The NBA has supported its players in using their platform and voice to demand social justice and equality. In addition to linking arms and kneeling during the anthem, players wore Black Lives Matter shirts for warmups and debuted jerseys featuring messages such as “Peace,” instead of their last name. 

Sports TV News

Terry Bradshaw Is Cancer Free

Bradshaw’s candor comes after struggling through a sentence during the September 25th edition of the show, in which Howie Long helped finish his sentence.

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During FOX NFL Sunday, Terry Bradshaw revealed he was diagnosed with two different forms of cancer in the last year.

However, after surgeries and treatments, Bradshaw said he is now cancer free.

The Pro Football Hall of Famer said he was diagnosed with bladder cancer in November of last year and surgery and treatments removed the cancer. Then, in March of this year, a tumor was found on the left-side of his neck. Bradshaw called it a “Merkel cell tumor”, which he had removed.

Bradshaw’s candor comes after struggling through a sentence during the September 25th edition of the show, in which Howie Long helped finish his sentence.

The 74-year-old has worked on FOX NFL Sunday since its inception in 1994. He will be inducted into the Sports Broadcasting Hall of Fame later this year.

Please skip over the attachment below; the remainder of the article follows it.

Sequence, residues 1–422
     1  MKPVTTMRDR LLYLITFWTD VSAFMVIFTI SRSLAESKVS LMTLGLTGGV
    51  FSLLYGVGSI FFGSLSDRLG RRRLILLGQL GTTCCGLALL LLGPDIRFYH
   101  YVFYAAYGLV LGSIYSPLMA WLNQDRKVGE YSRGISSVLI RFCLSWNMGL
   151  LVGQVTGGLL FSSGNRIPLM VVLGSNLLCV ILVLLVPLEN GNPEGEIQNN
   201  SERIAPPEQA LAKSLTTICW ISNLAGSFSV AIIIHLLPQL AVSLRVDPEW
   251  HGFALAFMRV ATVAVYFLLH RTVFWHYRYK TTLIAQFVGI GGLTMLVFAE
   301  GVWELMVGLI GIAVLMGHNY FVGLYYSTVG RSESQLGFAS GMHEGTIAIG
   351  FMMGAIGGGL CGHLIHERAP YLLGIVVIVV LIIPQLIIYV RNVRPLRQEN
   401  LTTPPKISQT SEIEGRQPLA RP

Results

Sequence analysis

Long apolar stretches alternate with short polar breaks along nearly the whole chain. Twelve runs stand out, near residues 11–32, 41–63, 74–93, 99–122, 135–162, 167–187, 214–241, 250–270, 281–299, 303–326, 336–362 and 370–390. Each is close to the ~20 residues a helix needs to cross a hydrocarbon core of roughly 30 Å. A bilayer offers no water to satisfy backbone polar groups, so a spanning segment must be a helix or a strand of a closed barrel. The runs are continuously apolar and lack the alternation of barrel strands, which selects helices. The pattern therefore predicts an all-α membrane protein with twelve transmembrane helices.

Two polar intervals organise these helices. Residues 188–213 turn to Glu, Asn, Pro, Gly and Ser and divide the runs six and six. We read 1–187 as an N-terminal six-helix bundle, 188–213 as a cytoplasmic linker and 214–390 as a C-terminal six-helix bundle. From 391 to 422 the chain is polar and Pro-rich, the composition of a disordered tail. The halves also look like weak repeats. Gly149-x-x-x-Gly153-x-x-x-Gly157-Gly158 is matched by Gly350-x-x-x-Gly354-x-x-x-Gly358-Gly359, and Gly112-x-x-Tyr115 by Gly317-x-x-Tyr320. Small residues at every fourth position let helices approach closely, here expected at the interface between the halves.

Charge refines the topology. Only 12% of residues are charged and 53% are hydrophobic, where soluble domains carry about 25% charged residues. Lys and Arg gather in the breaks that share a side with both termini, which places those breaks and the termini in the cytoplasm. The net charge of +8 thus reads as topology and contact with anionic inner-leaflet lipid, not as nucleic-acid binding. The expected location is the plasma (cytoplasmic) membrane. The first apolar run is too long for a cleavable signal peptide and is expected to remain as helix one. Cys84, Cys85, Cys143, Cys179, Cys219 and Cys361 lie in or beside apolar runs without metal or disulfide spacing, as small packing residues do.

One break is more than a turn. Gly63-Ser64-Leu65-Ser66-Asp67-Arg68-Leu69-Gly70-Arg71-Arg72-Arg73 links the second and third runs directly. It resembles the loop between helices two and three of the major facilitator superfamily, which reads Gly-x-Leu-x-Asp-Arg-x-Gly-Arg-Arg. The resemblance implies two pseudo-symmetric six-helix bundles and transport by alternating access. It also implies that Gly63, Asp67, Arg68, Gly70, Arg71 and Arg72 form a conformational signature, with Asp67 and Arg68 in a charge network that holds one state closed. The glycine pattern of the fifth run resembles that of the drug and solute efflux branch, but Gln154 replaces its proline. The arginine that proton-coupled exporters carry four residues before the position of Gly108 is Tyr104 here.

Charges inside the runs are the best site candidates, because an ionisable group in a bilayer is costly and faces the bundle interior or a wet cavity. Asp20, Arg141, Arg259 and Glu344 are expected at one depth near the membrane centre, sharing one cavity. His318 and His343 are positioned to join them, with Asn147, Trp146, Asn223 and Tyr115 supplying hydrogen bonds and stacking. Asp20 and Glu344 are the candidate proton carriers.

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Sports TV News

Scott Van Pelt’s ‘Bad Beats’ Becoming 30-Minute Monthly Show

Van Pelt, alongside “Stanford Steve” Coughlin, recaps the toughest losses suffered by sports gamblers with unconventional final moments and unexpected outcomes as it pertains to the over/under or point spread.

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The popular “Bad Beats” segment from SportsCenter with Scott Van Pelt is being turned into a monthly half-hour show on ESPN.

Van Pelt, alongside “Stanford Steve” Coughlin, recaps the toughest losses suffered by sports gamblers with unconventional final moments and unexpected outcomes as it pertains to the over/under or point spread, otherwise known as a “bad beat”. Generally, the segment lasts around 5-10 minutes. ESPN will repurpose the content from the show to package it into a half-hour edition.